De Econometrist neemt een statistische kijk op de wereld.
In 1769, the Herzog August Library of Wolfenbüttel, Germany, appointed a new librarian. The main task of this librarian consisted of translating the many Greek and Latin manuscripts of the library. After a few years, the first batch was published, which included a Greek poem of forty-four lines that dazzled the mathematical community for over a century. This poem was about a arithmetical problem Archimedes proposes to Eratosthenes and asks the reader to find the size of the cattle in the herd of the god of the sun, Apollo. This is an interesting problem since it gives insight in the mathematical abilities of the Greek of that time period.
The poem states a couple of conditions the cattle satisfies and asks the reader to find the number of bulls and cows of each sort of each kind. Archimedes states that those who solve to problem can consider themselves as somewhat of a mathematical genius. So instead of studying for your exams you could solve this problem to prove you are a capable of mathematical wonders! Do not scroll down to far if you want to solve the problem yourself!
Compute, O friend, the number of the cattle of the sun which once grazed upon the plains of Sicily, divided according to color into four herds, one milk-white, one black, one dappled and one yellow. The number of bulls is greater than the number of cows and the relations between them are as follows:
White bulls = black bulls + yellow bulls,
Black bulls = dappled bulls + yellow bulls,
Dappled bulls = white bulls + yellow bulls,
White cows = black herd,
Black cows = dappled herd,
Dappled cows = yellow herd,
Yellow cows = white herd.
If thou canst give, O friend, the number of each kind of bulls and cows, thou art no novice in numbers, yet can not be regarded as of high skill. Consider, however, the following additional relations between the bulls of the sun:
White bulls + black bulls = a square number,
Dappled bulls + yellow bulls = a triangular number.
If thou hast computed these also, O friend, and found the total number of cattle, then exult as a conqueror, for thou hast proved thyself most skilled in numbers.1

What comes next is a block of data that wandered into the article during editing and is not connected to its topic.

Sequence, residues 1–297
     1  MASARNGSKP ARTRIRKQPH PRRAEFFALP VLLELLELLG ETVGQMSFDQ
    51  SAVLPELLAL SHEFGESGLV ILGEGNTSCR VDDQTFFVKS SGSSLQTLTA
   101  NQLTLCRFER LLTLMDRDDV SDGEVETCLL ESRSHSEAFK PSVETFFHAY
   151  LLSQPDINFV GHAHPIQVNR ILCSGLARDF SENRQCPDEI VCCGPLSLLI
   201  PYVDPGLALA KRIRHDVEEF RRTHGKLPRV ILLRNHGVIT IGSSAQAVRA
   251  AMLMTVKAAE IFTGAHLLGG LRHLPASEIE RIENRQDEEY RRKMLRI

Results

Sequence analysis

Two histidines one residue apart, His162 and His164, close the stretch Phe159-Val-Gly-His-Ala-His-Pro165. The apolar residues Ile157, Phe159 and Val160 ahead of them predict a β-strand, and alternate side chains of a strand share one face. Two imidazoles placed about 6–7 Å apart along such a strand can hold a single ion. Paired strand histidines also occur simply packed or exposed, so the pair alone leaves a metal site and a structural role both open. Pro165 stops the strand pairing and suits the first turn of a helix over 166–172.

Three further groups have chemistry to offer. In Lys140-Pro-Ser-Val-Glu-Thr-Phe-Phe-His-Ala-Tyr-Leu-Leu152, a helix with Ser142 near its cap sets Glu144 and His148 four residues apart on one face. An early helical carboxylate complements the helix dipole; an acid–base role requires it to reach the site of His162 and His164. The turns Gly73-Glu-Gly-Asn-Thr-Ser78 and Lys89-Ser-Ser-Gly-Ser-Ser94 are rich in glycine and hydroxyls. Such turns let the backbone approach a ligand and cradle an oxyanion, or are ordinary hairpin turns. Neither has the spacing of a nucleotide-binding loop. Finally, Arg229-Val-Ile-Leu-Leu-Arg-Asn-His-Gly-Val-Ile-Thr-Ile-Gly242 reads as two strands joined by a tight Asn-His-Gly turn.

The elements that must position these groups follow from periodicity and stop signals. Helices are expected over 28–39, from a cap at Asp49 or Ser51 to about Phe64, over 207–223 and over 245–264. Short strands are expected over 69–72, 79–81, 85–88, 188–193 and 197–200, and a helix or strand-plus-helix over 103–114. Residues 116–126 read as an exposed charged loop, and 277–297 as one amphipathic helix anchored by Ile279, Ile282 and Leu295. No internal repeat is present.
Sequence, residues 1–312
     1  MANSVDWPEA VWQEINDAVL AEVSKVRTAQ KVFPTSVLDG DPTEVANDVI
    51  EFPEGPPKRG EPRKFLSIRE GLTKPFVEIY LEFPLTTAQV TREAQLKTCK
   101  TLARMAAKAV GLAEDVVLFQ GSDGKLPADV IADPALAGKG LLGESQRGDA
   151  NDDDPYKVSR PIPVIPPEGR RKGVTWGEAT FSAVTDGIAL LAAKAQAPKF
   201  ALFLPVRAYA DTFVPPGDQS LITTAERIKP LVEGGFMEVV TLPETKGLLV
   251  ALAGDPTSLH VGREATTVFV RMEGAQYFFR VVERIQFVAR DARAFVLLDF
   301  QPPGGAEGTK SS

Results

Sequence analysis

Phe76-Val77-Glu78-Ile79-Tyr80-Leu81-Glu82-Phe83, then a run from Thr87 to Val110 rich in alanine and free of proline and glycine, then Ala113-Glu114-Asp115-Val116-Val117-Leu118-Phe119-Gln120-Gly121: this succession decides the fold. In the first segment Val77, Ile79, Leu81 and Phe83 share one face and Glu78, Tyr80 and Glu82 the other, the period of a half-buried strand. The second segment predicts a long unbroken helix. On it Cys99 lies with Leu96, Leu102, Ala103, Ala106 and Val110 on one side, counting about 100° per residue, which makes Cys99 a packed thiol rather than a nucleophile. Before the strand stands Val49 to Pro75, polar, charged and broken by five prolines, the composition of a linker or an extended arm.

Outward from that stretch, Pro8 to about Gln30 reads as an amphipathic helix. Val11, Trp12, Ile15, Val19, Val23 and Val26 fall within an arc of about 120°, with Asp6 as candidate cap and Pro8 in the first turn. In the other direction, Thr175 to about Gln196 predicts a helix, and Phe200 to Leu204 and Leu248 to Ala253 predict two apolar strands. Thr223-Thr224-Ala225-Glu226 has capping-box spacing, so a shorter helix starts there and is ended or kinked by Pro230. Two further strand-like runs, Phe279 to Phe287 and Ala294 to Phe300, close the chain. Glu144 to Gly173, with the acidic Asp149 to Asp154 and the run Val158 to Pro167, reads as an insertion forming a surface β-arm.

To prove you are no novice in numbers anymore one should solve the rather large system of equations given by the first seven conditions of the poem. Suppose the white, black, dappled and yellow bulls are denoted by , , and , and the white, black, dappled and yellow cows are denoted by , , and . Then the problem is finding the solution of a system of seven equations with eight unknowns. Converting the seven lines of the poem to this system will result in the solutions:
As one can see, when only considering the first seven conditions, the cattle will consist of animals.
Using the values above we can conclude that should be a square, hence:
Furthermore, should be a triangular number, which gives:
Solving for t results in
Substituting the values for , and results in the problem of finding a value of such that the discriminant of the quadratic above is a perfect square . This is equal to solving the Pell equation
In 1880, over 100 years after the problem was published, Carl Ernst August Amthor concluded that the solution of the full problem is obtained by multiplying the solutions of part one with
How he did this is beyond the scope of this article. The main takeaway is that it is highly likely that you have not found the size of the cattle, hence “Thou hast not proved thyself most skilled in numbers.” Therefore, I would advise your to stop reading and start studying for you exams again!
¹ Merriman, Mansfield (1905). “The Cattle Problem of Archimedes”. Popular Science Monthly. 67: 660-665.
Dit artikel is geschreven door Jochem Hak